'&#064B#<<#0652#<<#064E#<<#0650#<<#064F#<<#0670#<<#0656#<<#0657#'
' <<#064B#<<#064D#<<#064C#<<#0654#<<#0651#<<#0658#<<#0653#'
'&#0627#<<#0623#<#0622#'
'&#0648#<<#0624#'
'&#06CF#<#06C1#<<#0647#<#06BE#<#06C3#<<#0629#<#0621#'
'&#06CC#<<#0649#<<#064A#<<#0626#'
'&#0628#<#062806BE#' '&#067E#<#067E06BE#'
'&#062A#<#062A06BE#' '&#0679#<#067906BE#'
'&#062C#<#062C06BE#' '&#0686#<#068606BE#'
'&#062F#<#062F06BE#' '&#0688#<#068806BE#'
'&#0631#<#063106BE#' '&#0691#<#069106BE#'
'&#06A9#<#06A906BE#' '&#06AF#<#06AF06BE#'
'&#0644#<#064406BE#' '&#0645#<#064506BE#'
'&#0646#<#064606BE#' '&#06BA#<#06BA06BE#'
'&#0648#<#064806BE#' '&#06CC#<#06CC06BE#';

MimerSQL has defined these rules using EOR as the base collation; the CLDR project was initially based on the DUCET collation, but is now using a different base collation (a modified DUCET), which is nearer from the standard EOR (but still different).

Note that MimerSQL, just like also MySQL, the default Java runtime library,the .Net CLR library still does not support the newer syntax for contextual rules, and for reordering script blocks, which is only supported for now by the most recent version of ICU; it also lacks the support of newer attributes.

The DUCET will soon be changed to become nearer from the CLDR version made for ICU, but the modified DUCET in the CLDR also does not use any contextual rules (for compatibility with lots of other implementations of the UCA). For this reason, some scripts will still not sort as expected using only the CLDR rules, without using the extended syntax (for example with the Devanagari script, see the final vowelless consonnant clusters at end of syllables.

This is even more critical for Lao, which requires a very complex syllabification, that cannot be represented by a collation table, but only as a specific [Lao] attribute triggering its specific syllabification by code and sometimes dictionary lookups; the case also occurs with the collations for Thai and Khmer languages, but in less critical way).

So don't assume that any unique DUCET (or modified DUCET from CLDR, or even the EOR collation table) will make things correct for all languages. We still need tailorings on top of any base collation, for almost all languages in all scripts !

Huji added a comment.Sep 18 2011, 10:03 PM

Having the [Arabic] block listed before the Persian-specific letters is the reason letters will not be sorted correctly according to Persian alphabet.

For latin languages, this has been solved by introducing more than one collation in the latin1 family (i.e. latin1_german_ci, latin1_swedish_ci, ...). Using utf8_general_ci is also not an option: it works for Arabic, but not for Persian (for the above mentioned reason). The Persian community is also underrepresented in many of the online collaborations so I think it is very unlikely that MySQL or other responsibly authorities introduce a new collation (something along the lines of utf8_persian_ci) just for that purpose.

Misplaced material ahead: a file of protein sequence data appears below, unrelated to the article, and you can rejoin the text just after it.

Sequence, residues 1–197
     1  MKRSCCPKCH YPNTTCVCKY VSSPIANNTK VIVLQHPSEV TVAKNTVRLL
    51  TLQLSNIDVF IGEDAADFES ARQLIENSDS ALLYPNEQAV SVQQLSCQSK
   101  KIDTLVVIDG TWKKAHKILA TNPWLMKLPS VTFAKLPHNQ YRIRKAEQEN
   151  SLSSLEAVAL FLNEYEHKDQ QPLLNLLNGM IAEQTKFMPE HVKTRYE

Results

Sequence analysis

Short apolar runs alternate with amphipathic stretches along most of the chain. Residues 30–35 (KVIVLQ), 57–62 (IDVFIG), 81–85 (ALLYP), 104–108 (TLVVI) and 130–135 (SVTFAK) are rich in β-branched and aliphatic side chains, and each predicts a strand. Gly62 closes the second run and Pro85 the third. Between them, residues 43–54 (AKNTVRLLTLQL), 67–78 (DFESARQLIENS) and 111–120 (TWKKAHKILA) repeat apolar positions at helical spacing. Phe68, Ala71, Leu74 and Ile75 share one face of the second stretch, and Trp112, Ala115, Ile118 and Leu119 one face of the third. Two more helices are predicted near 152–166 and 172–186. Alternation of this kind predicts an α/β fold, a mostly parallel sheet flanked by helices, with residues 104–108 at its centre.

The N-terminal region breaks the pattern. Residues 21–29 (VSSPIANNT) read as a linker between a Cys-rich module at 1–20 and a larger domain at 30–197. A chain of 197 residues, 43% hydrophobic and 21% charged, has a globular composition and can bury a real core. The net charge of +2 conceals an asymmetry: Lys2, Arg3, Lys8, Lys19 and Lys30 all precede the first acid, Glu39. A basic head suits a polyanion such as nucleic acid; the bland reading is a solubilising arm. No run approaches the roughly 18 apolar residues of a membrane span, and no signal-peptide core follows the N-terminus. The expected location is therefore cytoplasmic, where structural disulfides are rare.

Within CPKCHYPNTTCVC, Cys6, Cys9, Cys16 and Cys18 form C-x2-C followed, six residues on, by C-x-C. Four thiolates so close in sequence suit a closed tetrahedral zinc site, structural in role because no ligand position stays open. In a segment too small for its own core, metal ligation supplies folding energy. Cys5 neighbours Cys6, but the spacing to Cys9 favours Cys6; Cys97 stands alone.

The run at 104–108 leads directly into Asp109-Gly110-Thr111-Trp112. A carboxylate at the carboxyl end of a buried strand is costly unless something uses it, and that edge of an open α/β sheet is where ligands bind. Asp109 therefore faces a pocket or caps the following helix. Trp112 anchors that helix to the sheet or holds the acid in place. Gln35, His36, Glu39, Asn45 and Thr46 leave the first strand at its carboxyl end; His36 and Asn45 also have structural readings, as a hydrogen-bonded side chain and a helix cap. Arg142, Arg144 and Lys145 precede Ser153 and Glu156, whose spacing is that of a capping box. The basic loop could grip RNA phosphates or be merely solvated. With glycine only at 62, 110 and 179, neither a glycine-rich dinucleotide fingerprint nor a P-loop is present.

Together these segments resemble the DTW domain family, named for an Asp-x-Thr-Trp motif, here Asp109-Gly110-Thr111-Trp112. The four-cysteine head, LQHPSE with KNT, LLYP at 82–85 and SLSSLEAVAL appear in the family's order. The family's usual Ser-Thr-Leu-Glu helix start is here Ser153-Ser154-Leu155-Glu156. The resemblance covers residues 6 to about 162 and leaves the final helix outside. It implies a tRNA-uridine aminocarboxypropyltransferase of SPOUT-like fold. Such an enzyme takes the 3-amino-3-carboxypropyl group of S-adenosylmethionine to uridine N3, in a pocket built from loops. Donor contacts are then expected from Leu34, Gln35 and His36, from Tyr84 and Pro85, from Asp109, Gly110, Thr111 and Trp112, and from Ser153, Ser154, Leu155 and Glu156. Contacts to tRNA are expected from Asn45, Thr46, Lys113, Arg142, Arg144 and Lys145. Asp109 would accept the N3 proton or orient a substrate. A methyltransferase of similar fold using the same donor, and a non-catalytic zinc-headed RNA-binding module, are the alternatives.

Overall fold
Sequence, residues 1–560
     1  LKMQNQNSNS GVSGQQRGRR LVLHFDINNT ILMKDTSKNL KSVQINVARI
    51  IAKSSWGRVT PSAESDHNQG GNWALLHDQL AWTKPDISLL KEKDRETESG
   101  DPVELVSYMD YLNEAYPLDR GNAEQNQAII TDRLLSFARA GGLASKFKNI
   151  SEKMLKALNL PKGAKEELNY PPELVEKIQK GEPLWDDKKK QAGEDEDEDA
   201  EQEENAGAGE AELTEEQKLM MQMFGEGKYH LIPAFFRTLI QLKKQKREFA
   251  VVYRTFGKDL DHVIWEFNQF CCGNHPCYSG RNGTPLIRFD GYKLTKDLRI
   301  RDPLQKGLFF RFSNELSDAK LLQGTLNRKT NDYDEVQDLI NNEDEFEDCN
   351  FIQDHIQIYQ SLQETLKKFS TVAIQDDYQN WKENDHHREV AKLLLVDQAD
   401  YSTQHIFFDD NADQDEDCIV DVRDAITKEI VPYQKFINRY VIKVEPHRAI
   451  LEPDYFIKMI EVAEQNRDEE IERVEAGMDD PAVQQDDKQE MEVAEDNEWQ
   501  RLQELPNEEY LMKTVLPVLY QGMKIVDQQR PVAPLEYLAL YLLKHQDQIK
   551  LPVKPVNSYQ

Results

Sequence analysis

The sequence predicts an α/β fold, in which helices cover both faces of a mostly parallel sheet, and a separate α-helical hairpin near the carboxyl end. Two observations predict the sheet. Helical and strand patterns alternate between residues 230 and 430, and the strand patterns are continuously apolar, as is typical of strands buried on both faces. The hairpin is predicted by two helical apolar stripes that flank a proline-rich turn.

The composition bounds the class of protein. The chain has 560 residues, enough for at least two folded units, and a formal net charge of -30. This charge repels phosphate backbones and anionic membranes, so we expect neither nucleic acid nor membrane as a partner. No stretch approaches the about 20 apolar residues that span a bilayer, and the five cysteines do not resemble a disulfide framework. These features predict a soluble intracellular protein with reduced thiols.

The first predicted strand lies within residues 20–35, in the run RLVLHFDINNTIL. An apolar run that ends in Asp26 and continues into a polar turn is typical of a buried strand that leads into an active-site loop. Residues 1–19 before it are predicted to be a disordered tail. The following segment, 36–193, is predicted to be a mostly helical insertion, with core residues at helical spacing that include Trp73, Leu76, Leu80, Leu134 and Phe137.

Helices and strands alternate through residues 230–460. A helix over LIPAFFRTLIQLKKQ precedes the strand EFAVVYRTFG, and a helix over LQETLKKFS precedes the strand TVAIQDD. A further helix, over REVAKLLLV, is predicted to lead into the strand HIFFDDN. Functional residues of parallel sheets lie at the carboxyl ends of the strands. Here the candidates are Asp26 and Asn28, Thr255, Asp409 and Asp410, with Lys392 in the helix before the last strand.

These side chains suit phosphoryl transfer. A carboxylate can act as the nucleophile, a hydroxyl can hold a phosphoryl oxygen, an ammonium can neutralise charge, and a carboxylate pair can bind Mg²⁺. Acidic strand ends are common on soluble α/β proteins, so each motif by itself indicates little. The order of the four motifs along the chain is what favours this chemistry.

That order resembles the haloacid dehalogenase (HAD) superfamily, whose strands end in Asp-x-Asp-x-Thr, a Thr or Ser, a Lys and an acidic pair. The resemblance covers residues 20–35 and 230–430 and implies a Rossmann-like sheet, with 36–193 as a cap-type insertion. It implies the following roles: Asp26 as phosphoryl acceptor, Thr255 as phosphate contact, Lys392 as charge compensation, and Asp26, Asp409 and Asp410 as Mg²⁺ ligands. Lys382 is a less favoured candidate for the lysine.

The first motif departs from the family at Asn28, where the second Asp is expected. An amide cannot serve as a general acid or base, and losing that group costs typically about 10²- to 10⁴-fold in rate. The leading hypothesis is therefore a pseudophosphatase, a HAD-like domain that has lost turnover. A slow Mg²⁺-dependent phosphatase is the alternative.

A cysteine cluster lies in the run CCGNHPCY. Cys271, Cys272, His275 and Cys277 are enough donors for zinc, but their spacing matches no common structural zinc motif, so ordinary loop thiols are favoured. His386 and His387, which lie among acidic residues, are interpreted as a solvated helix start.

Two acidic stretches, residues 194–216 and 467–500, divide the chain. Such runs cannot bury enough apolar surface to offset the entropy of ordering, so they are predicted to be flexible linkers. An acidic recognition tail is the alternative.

In the light of above explanation, what is a pragmatic solution to this problem?

Huji added a comment.Sep 18 2011, 10:06 PM

Of note: http://bugs.mysql.com/bug.php?id=29977

More than four years old.

Unless something has changed, we're not planning to use mysql's collation support, so this is irrelevant.

I've never said orsuggested that! This is perfectly relevant for the implementation of tailorings. This is also relevant because there's a documentation available for the collation needed for Persian, as well as because it is not the same as standard Arabic, or Urdu, as demonstrated...

Also, I did not used "MySQL" as the base documentation, but "MimerSQL", which does not have the bugs you have cited for MySQL (and the archived mails in those bugs are mostly about the primary level: what I cited was about the secondary level as well, forgotten in the discussions you cite, dating from 2007). MimerSQL apparently does not have these bugs, and that's why I cited it as a reference, but this does not mean that we need to use it for our code.

(In reply to comment #16)

I've never said orsuggested that! This is perfectly relevant for the
implementation of tailorings. This is also relevant because there's a
documentation available for the collation needed for Persian, as well as
because it is not the same as standard Arabic, or Urdu, as demonstrated...

I was more referring to Huji's comment about (what I took to be) mysql collations. To be honest at the time I made that comment, I had only briefly skimmed what you (Philippe) wrote.